USA TODAY - Oblivion is a slick spectacle - seeing the humorless but ultra-fit Tom Cruise wrestle with himself might be worth the price of admission alone.
But with the film (* * ½ out of four; rated PG-13; opens Friday nationwide) focusing squarely on style, substance falls by the post-apocalyptic wayside. Director Joseph Kosinski focuses on cool visuals but stints on a compelling plot. It's a dazzler, but the story lacks the impact of the futuristic look.
Cruise's performance as Jack Harper is the best of the lot, but that's because he's given the closest thing to a fully-realized character. The rest of the talented cast might as well be cardboard cutouts.
The plot's muddled internal logic leaves some substantial holes. But even more dramatically, this story of Earth in 2077 loses its way in the film's second half. It also is startlingly derivative as Kosinski, who directed 2010's TRON: Legacy, draws from a grab bag of sci-fi predecessors, including WALL•E, Total Recall, Planet of the Apes and The Matrix.
Still, neither the sci-fi or the vague political commentary are involving. And while Cruise's character is given two romantic interests (played by Andrea Riseborough and Olga Kurylenko), the actor doesn't connect with either. It's his star vehicle and he runs with it in a way that only the intense actor can.
When we meet Jack, Earth is a post-apocalyptic wasteland, except for the crumbling ruins of iconic New York buildings and a few off-the-grid verdant sites. Jack zips around in an ultra-mod helicopter. He's a technician who repairs drones and lives in a minimalist house at the top of a tower with girlfriend/co-worker Victoria (Riseborough). She mans the controls as he flits about looking for malfunctioning drones and lurking "scavs," leftover scavengers from the planet's destruction some 60 years back.
It's Victoria's job to check in daily with Mission Control, embodied by the frighteningly cheerful chief (Melissa Leo.) Every day, after asserting it's "another wonderful day in paradise," Victoria is asked if she and Jack are still "an effective team." Victoria doesn't miss a beat with her chipper assurances.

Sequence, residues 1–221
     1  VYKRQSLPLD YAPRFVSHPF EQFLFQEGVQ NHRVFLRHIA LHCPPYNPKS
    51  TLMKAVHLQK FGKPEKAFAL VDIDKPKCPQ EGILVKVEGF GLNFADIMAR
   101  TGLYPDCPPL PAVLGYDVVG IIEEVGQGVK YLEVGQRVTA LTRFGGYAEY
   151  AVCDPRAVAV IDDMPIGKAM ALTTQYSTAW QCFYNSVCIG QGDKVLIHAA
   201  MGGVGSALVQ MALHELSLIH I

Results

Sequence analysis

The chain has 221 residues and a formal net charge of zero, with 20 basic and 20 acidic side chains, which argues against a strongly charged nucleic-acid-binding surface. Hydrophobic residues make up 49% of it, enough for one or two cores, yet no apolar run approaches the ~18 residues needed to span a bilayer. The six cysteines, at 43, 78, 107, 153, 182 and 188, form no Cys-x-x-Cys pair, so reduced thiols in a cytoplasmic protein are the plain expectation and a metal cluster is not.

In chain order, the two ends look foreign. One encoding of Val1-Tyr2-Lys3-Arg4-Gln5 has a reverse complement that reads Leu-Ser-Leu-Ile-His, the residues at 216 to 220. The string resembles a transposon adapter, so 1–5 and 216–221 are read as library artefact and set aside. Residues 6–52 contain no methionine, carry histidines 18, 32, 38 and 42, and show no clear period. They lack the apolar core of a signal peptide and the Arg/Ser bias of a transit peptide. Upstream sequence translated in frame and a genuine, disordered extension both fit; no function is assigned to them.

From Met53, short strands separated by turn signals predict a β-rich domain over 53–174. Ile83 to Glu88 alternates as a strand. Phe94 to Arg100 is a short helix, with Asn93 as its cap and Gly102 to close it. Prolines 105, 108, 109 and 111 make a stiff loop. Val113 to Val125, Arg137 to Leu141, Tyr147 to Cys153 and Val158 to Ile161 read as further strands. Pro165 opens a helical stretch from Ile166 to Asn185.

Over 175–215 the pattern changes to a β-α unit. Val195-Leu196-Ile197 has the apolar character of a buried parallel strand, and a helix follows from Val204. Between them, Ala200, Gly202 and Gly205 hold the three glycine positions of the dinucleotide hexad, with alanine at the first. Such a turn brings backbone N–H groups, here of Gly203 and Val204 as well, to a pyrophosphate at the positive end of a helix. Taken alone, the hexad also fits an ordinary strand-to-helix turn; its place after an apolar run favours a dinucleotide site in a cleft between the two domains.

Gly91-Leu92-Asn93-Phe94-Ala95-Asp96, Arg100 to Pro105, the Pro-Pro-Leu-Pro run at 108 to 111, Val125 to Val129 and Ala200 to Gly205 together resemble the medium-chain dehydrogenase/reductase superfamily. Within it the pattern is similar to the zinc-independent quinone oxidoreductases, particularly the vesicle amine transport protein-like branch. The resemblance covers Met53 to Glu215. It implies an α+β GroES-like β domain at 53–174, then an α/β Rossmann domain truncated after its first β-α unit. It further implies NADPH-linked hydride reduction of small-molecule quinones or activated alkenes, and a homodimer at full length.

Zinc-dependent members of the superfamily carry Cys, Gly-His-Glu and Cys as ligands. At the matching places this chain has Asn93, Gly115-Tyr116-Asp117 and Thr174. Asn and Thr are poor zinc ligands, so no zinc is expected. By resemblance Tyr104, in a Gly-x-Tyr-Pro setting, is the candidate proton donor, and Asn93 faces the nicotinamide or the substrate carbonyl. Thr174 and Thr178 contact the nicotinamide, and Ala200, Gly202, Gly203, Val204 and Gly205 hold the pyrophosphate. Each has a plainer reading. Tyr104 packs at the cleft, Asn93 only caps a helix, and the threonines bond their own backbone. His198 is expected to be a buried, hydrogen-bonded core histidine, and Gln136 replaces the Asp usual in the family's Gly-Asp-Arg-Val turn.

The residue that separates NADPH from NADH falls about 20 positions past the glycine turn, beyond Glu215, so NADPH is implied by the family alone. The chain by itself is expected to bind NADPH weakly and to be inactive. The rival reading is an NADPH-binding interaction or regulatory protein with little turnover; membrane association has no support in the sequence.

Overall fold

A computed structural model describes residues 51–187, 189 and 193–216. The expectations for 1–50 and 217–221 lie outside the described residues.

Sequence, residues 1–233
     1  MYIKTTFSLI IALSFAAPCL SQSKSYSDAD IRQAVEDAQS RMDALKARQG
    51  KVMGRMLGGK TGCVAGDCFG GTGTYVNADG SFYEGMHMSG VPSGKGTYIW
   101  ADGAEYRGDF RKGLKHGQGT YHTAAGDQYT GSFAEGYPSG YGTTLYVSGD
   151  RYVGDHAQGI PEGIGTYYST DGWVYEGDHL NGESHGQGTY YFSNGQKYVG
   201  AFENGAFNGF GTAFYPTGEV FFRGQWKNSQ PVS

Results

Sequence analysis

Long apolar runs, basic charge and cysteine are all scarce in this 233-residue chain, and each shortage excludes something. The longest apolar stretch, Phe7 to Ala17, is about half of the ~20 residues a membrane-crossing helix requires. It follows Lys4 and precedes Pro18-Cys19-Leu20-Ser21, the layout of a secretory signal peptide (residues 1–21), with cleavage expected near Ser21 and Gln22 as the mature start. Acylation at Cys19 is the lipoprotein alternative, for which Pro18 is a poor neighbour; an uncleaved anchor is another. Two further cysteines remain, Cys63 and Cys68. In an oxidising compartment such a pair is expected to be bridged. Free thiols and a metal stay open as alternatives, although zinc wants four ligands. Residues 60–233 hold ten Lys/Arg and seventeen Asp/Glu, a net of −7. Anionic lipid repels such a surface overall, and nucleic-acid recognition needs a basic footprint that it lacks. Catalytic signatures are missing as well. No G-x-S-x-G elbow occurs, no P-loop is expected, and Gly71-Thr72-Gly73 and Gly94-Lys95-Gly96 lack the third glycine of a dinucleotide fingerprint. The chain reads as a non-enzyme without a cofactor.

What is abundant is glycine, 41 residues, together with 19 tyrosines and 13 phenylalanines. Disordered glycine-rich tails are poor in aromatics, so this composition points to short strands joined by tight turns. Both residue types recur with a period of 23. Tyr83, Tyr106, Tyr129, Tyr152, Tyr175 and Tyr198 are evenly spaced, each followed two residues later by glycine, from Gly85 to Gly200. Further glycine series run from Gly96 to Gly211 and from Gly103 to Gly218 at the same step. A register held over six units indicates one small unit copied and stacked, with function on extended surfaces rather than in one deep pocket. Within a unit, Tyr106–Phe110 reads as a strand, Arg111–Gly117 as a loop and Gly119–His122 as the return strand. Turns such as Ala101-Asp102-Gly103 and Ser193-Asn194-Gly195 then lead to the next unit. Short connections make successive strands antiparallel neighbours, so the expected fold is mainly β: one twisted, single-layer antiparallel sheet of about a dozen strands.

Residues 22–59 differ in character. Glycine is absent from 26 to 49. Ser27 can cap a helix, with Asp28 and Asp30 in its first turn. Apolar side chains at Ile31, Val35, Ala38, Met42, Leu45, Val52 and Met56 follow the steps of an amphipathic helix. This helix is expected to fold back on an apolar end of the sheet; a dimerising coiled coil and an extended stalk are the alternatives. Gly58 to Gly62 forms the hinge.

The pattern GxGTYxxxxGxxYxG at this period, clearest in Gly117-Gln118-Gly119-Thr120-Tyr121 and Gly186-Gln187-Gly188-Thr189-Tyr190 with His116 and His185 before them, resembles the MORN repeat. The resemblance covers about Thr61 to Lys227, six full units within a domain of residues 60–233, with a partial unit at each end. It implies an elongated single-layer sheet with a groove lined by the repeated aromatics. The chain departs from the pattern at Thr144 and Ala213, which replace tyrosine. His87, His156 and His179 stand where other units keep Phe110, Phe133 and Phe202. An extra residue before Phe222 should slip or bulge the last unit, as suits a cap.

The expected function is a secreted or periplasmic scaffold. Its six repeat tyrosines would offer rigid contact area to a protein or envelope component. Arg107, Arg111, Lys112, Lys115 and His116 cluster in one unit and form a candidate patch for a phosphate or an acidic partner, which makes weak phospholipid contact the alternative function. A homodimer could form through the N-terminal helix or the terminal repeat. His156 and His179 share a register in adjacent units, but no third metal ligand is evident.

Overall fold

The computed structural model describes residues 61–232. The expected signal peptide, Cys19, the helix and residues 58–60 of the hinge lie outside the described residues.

But Jack is not feeling all that effective. Even though he and Victoria had their memories scoured (for security reasons), he's haunted by recurring dreams of a mysterious dark-haired woman. Earth has a powerful pull on Jack. Victoria, on the other hand, can't wait to join the rest of the human race that has migrated to Titan, the largest moon of Saturn. "Only two more weeks," she keeps reminding Jack, like a movie cop with only a couple weeks left until retirement.
Jack's Earth-bound reveries are intensified when he rescues a human survivor (Kurylenko) from crash wreckage.
Just as in the Mission Impossible movies, War of the Worlds and Top Gun, Jack is a classic hero. He's bent on saving the world and we don't ever doubt that he will. If only he was more complicated and flawed. The biggest complication for him is his relationship with Victoria and his pull toward the woman he saved.
Morgan Freeman is always a welcome presence, but he's given too little screen time as the leader of an underground human resistance group.
When the time comes for the big reveal, we're almost oblivious since the story's vitality has waned.
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